Cecil Payne: Bringing Up Father

27 Nov

Remembering saxophonist Cecil Payne on the anniversary of his death at age 84 in 2007.

Payne was rarely a band leader, but that hardly meant he was a follower. He was well-known and well-regarded as a sideman for several musicians, perhaps most famously for Brooklyn childhood friend Randy Weston (but also Dizzy Gillespie, John Coltrane and others).

When he was younger, Payne’s parents, according to Wikipedia, had hoped he would pursue a career in medicine, particularly dentistry. Payne pointed out that his name, Dr. Payne, wouldn’t be the best way to build a practice.

Payne brought plenty of joy with his saxophone, and built a surplus of karma when he needed it most. As he aged into his 70s, Payne’s sight faded because of glaucoma, according to jazzfoundation.org, and he grew increasingly reclusive.

Able only to reach the corner 7-11, he subsisted for more than a year on “two cans of Slim-Fast and a package of M&Ms a day,” according to the website.

A representative of the Jazz Foundation of America talked Payne into allowing Meals on Wheels to deliver: “I forgot greens were green,” Payne said, according to the website.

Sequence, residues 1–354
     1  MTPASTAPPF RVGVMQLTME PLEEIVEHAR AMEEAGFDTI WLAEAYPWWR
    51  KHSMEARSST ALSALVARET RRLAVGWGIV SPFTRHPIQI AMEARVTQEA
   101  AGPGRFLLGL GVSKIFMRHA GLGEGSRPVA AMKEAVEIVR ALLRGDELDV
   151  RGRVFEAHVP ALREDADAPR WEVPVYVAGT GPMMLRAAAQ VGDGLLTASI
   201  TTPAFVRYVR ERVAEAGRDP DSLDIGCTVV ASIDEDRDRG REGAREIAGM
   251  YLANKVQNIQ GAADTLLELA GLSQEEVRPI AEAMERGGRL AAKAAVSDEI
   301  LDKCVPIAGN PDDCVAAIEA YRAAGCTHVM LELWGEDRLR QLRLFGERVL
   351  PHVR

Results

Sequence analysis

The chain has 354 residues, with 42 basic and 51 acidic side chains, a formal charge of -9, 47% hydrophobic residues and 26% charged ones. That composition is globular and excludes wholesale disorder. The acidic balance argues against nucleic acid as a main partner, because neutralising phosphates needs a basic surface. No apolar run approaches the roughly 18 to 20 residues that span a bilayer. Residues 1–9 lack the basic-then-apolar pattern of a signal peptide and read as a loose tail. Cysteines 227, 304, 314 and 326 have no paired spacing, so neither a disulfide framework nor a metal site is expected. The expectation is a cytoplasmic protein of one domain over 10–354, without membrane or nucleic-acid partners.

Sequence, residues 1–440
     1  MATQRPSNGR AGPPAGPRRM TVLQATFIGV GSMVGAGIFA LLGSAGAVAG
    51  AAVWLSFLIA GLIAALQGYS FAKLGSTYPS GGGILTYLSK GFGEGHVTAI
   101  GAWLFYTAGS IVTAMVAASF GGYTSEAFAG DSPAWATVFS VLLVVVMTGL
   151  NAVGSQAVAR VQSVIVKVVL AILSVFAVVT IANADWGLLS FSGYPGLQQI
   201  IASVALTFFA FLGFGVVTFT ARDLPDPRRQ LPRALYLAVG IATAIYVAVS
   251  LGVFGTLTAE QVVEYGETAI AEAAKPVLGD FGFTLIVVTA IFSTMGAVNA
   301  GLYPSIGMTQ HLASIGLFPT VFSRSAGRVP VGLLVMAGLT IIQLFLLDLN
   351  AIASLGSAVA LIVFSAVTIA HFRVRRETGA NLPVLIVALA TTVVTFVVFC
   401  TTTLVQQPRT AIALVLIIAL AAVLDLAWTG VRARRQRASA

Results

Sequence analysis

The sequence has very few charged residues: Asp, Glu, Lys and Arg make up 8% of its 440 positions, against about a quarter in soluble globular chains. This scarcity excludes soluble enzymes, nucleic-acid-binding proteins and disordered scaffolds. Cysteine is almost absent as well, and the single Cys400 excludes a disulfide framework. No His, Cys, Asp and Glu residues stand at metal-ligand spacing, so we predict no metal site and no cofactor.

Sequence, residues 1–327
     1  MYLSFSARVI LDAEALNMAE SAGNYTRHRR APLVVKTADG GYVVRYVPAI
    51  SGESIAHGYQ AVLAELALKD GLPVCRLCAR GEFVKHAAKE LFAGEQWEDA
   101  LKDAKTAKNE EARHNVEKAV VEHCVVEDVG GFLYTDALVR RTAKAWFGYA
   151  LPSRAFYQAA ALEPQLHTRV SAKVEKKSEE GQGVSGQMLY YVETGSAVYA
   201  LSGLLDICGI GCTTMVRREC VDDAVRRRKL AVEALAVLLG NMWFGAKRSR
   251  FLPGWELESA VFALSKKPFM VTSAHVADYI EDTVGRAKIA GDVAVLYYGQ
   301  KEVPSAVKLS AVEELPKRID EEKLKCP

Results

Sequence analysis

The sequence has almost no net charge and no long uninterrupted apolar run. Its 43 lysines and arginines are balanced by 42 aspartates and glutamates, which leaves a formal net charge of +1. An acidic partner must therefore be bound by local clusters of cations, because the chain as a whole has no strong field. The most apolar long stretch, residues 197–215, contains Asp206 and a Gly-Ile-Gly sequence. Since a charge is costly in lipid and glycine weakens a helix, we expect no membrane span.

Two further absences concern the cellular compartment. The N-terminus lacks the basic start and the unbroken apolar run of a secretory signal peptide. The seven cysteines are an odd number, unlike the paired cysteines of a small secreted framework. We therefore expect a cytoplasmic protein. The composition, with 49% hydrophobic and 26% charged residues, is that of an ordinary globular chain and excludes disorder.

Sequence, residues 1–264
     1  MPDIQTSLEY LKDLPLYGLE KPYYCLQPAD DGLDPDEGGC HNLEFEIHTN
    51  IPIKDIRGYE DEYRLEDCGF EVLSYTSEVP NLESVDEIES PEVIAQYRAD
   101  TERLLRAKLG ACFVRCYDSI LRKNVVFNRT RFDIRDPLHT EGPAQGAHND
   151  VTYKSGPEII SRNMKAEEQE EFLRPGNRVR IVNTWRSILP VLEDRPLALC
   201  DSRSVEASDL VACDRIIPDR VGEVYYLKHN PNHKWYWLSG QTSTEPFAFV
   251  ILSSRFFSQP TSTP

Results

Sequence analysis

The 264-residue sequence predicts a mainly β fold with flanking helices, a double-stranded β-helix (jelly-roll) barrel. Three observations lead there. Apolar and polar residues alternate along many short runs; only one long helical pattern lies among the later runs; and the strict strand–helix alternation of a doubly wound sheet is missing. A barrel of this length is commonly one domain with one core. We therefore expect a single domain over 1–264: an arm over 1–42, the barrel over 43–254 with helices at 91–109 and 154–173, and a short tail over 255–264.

Payne returned to performing before he died of cancer less than a month before his 85th birthday.

 “Cecil Payne was one of the truly great human beings on this Earth,” wrote Wendy Oxenhorn of the Jazz Foundation of America. “His positive attitude and his endlessly optimistic nature, no matter how bad things were, always got you a, ‘It is what it is’ and ‘Everything is everything’ and never a complaint or a negative word was uttered from his mouth. The Earth is a little emptier from his passing.”

sources: bittersuiteband.com, wikipedia.org, jazzfoundation.org, allaboutjazz.com

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One Response to “Cecil Payne: Bringing Up Father”

  1. LondonJazzCollector November 27, 2011 at 4:17 pm #

    I just came across Cecil Payne for the first time just this last week when I picked up his “alterative” score to the 1960’s New York Jazz Stage production of “The Connection”. Stepping into the shoes of Freddie Redd and the fantastic original score must have taken some courage. I’ve played it only the once yet but look forward to getting to know it better. Seems I have a lot more to learn about Cecil. Nice to know some of these guys made it into their eighties, when so many never got past their forties.

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